Anderson Pug Alternative

Submitted: Thursday, Aug 14, 2014 at 21:41
ThreadID: 109135 Views:4721 Replies:13 FollowUps:21
This Thread has been Archived
Hi all.

Have just returned from a 3-1/2 month trip up to Cape York, Arnhem Land, Darwin and back down to Melbourne via Mt Isa, Birdsville and Broken Hill. Great trip towing a camper trailer.

Had to refit the Anderson plug on the trailer twice as it worked loose and rubbed on the ground completely destroying it. Ended up with a spring and a few cable ties to hold it in position.

Seems that once they get a bit of dirt or water in them, the contacts don't clip in to each other as good as they should.

I have tried the original Anderson plug and the look a likes from ABR Sidewinder and others but still have a problem with the plugs not clicking into each other after a month or so of hard work.

Does anyone know of an alternative that can handle dirt, dust, stones and water a bit better?

Back Expand Un-Read 0 Moderator

Reply By: PAm &Chris - Thursday, Aug 14, 2014 at 22:02

Thursday, Aug 14, 2014 at 22:02
Hi Mepvic

You will probably have the same problem with anything that is designed to brake away. You could look for a screw type connector but that will have its own problems. What may be a way to go is to carry a can of contact cleaner and give the connectors a shot if they look dirty and attach a bit if light elastic cord from the fixed plug and loop it around the free plug cables so that if it still comes loose it wont hit the ground. Good luck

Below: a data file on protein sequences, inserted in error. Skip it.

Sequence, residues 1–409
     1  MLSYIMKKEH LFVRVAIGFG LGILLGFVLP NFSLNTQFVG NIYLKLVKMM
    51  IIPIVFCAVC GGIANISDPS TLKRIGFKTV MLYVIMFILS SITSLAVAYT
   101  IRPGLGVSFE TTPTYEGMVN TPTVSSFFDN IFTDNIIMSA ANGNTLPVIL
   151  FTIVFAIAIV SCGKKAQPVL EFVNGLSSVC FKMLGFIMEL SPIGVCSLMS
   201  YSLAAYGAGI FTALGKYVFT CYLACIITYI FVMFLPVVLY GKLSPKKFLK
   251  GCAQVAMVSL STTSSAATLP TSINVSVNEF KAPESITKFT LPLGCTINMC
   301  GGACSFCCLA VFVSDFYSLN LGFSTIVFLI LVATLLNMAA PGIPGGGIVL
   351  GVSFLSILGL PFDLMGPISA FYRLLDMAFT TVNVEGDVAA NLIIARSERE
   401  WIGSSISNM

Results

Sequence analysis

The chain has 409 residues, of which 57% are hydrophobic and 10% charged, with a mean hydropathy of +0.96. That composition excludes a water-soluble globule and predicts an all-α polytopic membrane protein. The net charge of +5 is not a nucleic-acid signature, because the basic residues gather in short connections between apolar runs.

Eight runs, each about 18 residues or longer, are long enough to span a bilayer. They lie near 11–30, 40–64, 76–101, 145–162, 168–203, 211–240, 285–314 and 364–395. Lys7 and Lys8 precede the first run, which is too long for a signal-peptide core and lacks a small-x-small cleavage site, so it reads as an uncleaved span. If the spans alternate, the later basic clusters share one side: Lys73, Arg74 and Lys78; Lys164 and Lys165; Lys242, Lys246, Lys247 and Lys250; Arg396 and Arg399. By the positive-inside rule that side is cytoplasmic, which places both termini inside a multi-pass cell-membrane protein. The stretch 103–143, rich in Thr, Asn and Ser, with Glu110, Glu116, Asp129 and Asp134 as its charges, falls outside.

AnswerID: 537662

Follow Up By: Member - mepvic - Friday, Aug 15, 2014 at 20:39

Friday, Aug 15, 2014 at 20:39
Thanks for that. I have attached a spring with cable ties and this is holding the plug in place. I also have a bungy holding the trailer section in place now. Won't fall on the ground but still not a very tight connection
0
FollowupID: 821964

Reply By: Allan B (Member, SunCoast) - Thursday, Aug 14, 2014 at 22:18

Thursday, Aug 14, 2014 at 22:18
There are industrial and military spec connectors which will endure severe environments and lock together, but you would probably not like the size or price of them.

There are covers and closures to fit to Anderson plugs which enhance their seal. Alternatively, apply conforming electrical tape around the gaps of the plugs to effect a seal. Sure, you will need to reapply the tape following each connection but is that too much trouble? Reposition the plugs to avoid damage from stones.
Cheers
Allan

Member
My Profile  My Blog  My Position  Send Message

AnswerID: 537666

Follow Up By: Member - mepvic - Friday, Aug 15, 2014 at 20:42

Friday, Aug 15, 2014 at 20:42
Tape may be a good idea. Plugs are in a good location to avoid too much stone damage but problem seems to be mainly dirt and water ingress sopping the contacts making a good seal. Then work loose. Spring and wire ties have helped.
0
FollowupID: 821965

Follow Up By: Allan B (Member, SunCoast) - Saturday, Aug 16, 2014 at 09:05

Saturday, Aug 16, 2014 at 09:05